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Facebook Says Data Access To Partners Was With Users Permission After New York Times Report

Facebook CEO Mark Zuckerberg

image : TechCrunch on Flickr

After a New York Times report said that Facebook gave some of the world's largest tech companies "more intrusive" access to users personal data more than it has disclosed. The company has come to its defense stating that users permission was required for this without which data could not be accessed.

According to a blog post from the company's Director of Developer Platforms and Programs Konstantinos Papamiltiadis, This issue mostly relates to the now shuttered instant personalization feature Facebook worked on with several partners including the biggest internet services.

Facebook chief operating officer Sheryl Sandberg

image : Facebook

"To be clear: none of these partnerships or features gave companies access to information without people’s permission, nor did they violate our 2012 settlement with the FTC." Papamiltiadis said. "We’ve been public about these features and partnerships over the years because we wanted people to actually use them – and many people did. They were discussed, reviewed, and scrutinized by a wide variety of journalists and privacy advocates."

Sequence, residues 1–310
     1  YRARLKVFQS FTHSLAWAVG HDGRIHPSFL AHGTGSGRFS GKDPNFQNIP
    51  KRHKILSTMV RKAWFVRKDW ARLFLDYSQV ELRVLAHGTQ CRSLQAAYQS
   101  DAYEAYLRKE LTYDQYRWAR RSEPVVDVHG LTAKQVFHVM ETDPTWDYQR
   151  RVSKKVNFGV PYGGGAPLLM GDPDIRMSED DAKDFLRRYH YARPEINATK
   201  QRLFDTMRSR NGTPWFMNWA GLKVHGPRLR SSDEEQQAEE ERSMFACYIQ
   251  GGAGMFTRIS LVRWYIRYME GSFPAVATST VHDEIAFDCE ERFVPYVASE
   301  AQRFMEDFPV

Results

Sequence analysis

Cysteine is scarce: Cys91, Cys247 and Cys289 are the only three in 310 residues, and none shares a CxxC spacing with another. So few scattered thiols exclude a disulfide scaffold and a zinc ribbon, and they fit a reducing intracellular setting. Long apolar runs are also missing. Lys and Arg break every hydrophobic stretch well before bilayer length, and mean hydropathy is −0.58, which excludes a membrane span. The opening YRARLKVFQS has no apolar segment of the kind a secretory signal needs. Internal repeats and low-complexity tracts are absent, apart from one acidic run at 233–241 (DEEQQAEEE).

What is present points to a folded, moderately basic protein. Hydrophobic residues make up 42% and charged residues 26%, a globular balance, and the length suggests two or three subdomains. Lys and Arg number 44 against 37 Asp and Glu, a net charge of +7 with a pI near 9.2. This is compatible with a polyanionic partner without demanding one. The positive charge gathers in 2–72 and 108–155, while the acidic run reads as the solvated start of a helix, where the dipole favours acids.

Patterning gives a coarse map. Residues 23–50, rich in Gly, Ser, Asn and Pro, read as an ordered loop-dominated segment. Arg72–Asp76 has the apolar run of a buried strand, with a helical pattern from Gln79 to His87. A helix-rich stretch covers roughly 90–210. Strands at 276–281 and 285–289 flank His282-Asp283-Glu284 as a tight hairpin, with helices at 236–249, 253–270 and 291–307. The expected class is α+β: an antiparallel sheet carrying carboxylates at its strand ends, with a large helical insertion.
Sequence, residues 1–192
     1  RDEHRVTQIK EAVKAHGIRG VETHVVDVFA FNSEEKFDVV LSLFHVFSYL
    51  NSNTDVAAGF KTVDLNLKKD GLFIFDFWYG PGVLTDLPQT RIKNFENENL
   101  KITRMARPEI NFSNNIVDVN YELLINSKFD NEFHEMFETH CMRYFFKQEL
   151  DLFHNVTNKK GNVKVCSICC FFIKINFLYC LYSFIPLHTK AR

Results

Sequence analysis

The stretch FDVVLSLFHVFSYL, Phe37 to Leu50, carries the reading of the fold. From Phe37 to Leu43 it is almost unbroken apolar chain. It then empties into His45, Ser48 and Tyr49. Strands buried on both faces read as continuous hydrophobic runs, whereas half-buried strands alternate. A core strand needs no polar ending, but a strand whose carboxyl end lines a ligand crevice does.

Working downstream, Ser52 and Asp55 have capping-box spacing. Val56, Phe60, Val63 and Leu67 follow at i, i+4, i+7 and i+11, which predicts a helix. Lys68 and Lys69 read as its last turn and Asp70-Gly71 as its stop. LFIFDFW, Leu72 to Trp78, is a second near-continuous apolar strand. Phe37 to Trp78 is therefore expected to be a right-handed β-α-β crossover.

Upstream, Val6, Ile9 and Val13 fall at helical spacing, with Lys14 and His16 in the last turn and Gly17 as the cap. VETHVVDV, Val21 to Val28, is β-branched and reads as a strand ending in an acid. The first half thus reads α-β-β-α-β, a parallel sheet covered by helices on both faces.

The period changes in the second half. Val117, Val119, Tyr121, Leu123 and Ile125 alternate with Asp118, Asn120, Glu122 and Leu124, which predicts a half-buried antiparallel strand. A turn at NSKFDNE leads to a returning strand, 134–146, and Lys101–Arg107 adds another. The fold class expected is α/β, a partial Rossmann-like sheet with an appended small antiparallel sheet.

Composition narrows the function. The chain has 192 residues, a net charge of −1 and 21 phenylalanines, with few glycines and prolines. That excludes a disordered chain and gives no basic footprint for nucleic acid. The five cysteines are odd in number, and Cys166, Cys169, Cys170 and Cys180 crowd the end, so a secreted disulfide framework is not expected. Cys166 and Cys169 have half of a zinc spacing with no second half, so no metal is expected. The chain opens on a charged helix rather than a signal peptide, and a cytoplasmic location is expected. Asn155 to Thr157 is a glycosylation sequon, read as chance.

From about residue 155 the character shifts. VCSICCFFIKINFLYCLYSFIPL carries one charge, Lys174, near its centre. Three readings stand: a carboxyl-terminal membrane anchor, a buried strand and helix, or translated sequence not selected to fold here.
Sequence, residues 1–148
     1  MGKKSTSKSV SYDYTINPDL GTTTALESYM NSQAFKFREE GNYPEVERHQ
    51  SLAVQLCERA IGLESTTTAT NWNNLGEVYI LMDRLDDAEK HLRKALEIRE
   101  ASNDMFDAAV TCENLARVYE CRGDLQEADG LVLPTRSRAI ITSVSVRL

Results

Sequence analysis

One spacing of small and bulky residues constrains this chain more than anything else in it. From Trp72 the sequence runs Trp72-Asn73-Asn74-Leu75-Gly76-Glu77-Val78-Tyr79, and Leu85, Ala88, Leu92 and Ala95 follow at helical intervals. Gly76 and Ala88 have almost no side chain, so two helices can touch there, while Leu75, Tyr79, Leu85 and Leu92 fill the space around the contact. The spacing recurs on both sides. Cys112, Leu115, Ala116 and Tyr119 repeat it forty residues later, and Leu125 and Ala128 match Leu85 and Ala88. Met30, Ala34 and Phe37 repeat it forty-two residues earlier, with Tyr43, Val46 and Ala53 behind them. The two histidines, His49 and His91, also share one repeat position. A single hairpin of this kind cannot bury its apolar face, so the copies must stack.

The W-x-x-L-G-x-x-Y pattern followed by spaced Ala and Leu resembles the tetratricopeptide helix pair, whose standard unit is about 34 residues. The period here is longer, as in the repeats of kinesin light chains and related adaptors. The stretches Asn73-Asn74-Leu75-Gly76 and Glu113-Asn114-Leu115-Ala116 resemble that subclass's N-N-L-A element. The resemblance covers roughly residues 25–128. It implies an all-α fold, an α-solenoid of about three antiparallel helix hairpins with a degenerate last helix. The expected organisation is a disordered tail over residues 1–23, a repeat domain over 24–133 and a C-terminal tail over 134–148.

Facebook says it had similar integration partnerships over the years with Amazon, Apple, Microsoft,  Yahoo and more but with "nearly all" shut down over the past several months except that with Amazon, Apple, Tobii, an integration that enables people with ALS to access Facebook; and browser notifications for people who use Alibaba, Mozilla and Opera.

Facebook chief product officer Chris Cox

image : Facebook

The post still says partners got access to messages but required an explicit sign in to Facebook to do this. It cited an example of Spotify which after signing to Facebook on the music streaming service desktop app, users could then send and receive messages (without leaving the app) which could be accessed by provided API partners.

"Instant personalization only involved public information, and we have no evidence that data was used or misused after the program was shut down. However, we shouldn’t have left the APIs in place after we shut down instant personalization." The post said.

Inside Facebook's Denver office

image : Facebook

"We’ve taken a number of steps this year to limit developers’ access to people’s Facebook information, and as part of that ongoing effort, we’re in the midst of reviewing all our APIs and the partners who can access them. This is important work that builds on our existing systems that track APIs and control who can access to them."


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